Imagination, adaptability, and the accelerating pace of change were front and center at the Airtable Leaders Forum in New York this week. The event welcomed customers, industry leaders, and analysts, and offered a dose of inspiration against a backdrop of economic uncertainty.
“Companies are being forced to work smarter and faster, often without the people and resources they were used to,” Howie Liu, co-founder and CEO at Airtable, said in his vision keynote. The resounding message of the conference? Leaders must re-envision the way we work.
Through every session, the consensus was clear: we may feel like we’ve entered a new era, but the pace of change won’t slow anytime soon. From economic headwinds to transformative technologies like AI, change will continue to challenge our organizations. No matter how diligently you plan your product roadmap or plot your marketing campaigns, you’ll need to stay agile and reimagine every facet of day-to-day work. The event’s speakers invited the audience to embrace this uncertainty by “building for change”—or creating a culture and processes that allow you to remain focused, efficient, and inspired.
These five takeaways from the Airtable Leaders Forum illustrate how leading organizations are delivering higher standards of work and reaching new depths of collaboration and connectedness. Surviving this “wave of transformation” requires you to reimagine the shape of your industry and how your customers behave. Most importantly, it calls on you to direct this imagination internally and reevaluate how you work and operate.
1. AI presents tremendous and urgent opportunity
AI is unlocking a new pace of creativity and productivity. “Those that struggle to adapt risk being left behind,” Howie said in his keynote, before hosting a conversation with Scott Belsky, author, investor, and entrepreneur.
“Creative confidence is going up for humanity,” Scott said, predicting that AI will unlock a child-like playfulness when it comes to making art, designing graphics, and writing copy. It will “free the ingenuity of people” as we use AI to do more mundane, repetitive tasks. And it will help us better personalize web experiences and apps.
Finally, Scott believes that the “soul” in storytelling will become more important, not less, in a sea of AI-generated production.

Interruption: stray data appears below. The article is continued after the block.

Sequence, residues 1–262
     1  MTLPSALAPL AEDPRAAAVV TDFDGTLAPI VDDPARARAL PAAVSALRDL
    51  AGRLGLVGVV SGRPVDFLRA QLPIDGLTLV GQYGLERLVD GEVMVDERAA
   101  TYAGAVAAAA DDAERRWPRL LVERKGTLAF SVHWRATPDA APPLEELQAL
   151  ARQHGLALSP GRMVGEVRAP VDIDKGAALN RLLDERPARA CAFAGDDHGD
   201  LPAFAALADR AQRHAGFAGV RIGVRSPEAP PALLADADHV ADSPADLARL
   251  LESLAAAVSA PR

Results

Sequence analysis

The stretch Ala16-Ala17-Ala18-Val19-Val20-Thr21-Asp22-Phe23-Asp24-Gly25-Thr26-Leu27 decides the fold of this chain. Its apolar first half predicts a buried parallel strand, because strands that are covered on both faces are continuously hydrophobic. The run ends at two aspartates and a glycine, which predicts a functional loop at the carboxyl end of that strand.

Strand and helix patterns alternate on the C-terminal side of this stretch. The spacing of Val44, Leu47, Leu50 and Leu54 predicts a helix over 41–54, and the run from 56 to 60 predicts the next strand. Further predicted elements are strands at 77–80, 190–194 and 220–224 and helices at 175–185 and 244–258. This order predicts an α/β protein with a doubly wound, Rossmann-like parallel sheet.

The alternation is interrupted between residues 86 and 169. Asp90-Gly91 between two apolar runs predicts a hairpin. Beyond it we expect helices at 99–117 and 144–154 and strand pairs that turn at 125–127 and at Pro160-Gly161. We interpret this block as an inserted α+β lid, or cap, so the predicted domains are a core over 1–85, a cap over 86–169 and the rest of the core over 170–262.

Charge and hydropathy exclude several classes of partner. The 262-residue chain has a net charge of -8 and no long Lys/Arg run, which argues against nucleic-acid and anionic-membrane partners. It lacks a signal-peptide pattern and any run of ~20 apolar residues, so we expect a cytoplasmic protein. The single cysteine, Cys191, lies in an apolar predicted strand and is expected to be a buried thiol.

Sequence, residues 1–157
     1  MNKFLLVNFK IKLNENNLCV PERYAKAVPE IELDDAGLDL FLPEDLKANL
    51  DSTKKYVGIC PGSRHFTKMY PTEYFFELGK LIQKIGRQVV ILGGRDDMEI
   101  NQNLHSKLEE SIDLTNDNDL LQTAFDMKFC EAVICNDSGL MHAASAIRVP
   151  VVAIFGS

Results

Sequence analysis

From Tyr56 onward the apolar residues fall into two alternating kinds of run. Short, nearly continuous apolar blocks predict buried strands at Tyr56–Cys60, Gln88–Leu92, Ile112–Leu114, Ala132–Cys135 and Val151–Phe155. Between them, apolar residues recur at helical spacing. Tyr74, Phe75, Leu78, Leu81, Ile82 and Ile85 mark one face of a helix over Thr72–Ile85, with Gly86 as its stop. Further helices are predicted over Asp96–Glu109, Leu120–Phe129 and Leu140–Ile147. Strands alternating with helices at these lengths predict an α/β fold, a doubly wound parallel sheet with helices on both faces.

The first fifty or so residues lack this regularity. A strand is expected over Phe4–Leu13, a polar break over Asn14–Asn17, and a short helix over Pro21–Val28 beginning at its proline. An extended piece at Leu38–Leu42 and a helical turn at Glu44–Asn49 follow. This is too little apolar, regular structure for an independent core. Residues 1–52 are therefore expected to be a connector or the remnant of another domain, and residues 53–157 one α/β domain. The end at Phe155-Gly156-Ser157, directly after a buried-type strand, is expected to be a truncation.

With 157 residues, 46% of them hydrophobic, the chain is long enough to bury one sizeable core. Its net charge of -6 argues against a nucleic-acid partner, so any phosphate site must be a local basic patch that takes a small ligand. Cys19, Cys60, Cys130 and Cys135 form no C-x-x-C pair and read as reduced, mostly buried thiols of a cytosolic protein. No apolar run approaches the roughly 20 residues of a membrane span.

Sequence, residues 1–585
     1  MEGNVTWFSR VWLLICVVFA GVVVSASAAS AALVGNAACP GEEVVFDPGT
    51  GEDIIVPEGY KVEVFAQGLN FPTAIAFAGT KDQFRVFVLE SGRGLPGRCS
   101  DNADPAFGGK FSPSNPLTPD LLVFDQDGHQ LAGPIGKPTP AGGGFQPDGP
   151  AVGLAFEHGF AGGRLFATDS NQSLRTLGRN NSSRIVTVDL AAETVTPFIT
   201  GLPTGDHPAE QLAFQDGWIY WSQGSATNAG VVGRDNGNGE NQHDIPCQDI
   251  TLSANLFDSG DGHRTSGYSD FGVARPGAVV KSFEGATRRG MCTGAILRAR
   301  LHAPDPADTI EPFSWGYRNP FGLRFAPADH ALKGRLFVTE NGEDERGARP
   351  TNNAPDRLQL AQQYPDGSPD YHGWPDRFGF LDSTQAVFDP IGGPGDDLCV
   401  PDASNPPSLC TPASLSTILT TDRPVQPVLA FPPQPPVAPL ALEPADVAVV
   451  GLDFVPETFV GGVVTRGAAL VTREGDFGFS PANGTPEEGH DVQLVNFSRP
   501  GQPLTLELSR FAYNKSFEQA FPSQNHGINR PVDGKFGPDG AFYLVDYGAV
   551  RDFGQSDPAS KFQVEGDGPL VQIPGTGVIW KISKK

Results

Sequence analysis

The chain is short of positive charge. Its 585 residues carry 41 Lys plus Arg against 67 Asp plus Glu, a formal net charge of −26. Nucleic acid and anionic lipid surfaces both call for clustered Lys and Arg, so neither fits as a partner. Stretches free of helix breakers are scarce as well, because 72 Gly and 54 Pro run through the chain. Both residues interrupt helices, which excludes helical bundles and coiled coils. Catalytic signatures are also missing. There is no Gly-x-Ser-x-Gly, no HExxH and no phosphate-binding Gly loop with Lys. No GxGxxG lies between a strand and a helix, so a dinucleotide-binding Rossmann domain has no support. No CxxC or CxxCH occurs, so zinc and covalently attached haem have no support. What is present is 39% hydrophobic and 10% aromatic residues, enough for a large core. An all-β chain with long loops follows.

Untapped potential aside, AI brings tricky questions around security and scale in the enterprise. To address this, Ilan Frank, VP of Product at Airtable, announced a new product feature that makes it simple for any team to implement AI across their workflows in Airtable—an embedded experience that paves a path for successful and sustainable AI adoption at large companies.
“Our next gen app platform will make AI accessible for everyone in an organization [and help them] get comfortable using these models in their everyday work,” Ilan said.
This resonated with Allie Plotsky, a fintech product manager in the audience, who commented: “I’m very excited about bringing AI into Airtable and seeing what we can do with that. I’m hoping it can speed up and enhance a lot of workflows we’re already doing today.”
2. Shared data unifies teams in transformation
Connecting teams with shared data allows them to move quickly, in unison. In a fireside talk, a leader at a large media and entertainment company said that solving silos was a huge necessity in transforming from a linear television strategy to multi-channel streaming.
“We had a variety of different marketing teams, across a variety of different brands, all designing and executing marketing campaigns. They all had somewhat similar processes, but they were all working off different data,” he said, adding that connecting this data “helped us to be more efficient, and more agile.”
For companies unsure of where to start in centralizing data, Brian Yablunosky, senior manager of digital channels and global communications at VMware, suggests: "First, lean into a use case you're familiar with. This is a powerful way to harvest curiosity and find efficiencies. From there, continue connecting use cases across the org.”
Brian also encouraged the audience to change the culture around sharing data: “It’s not one person’s datapoint; it’s the team’s information.”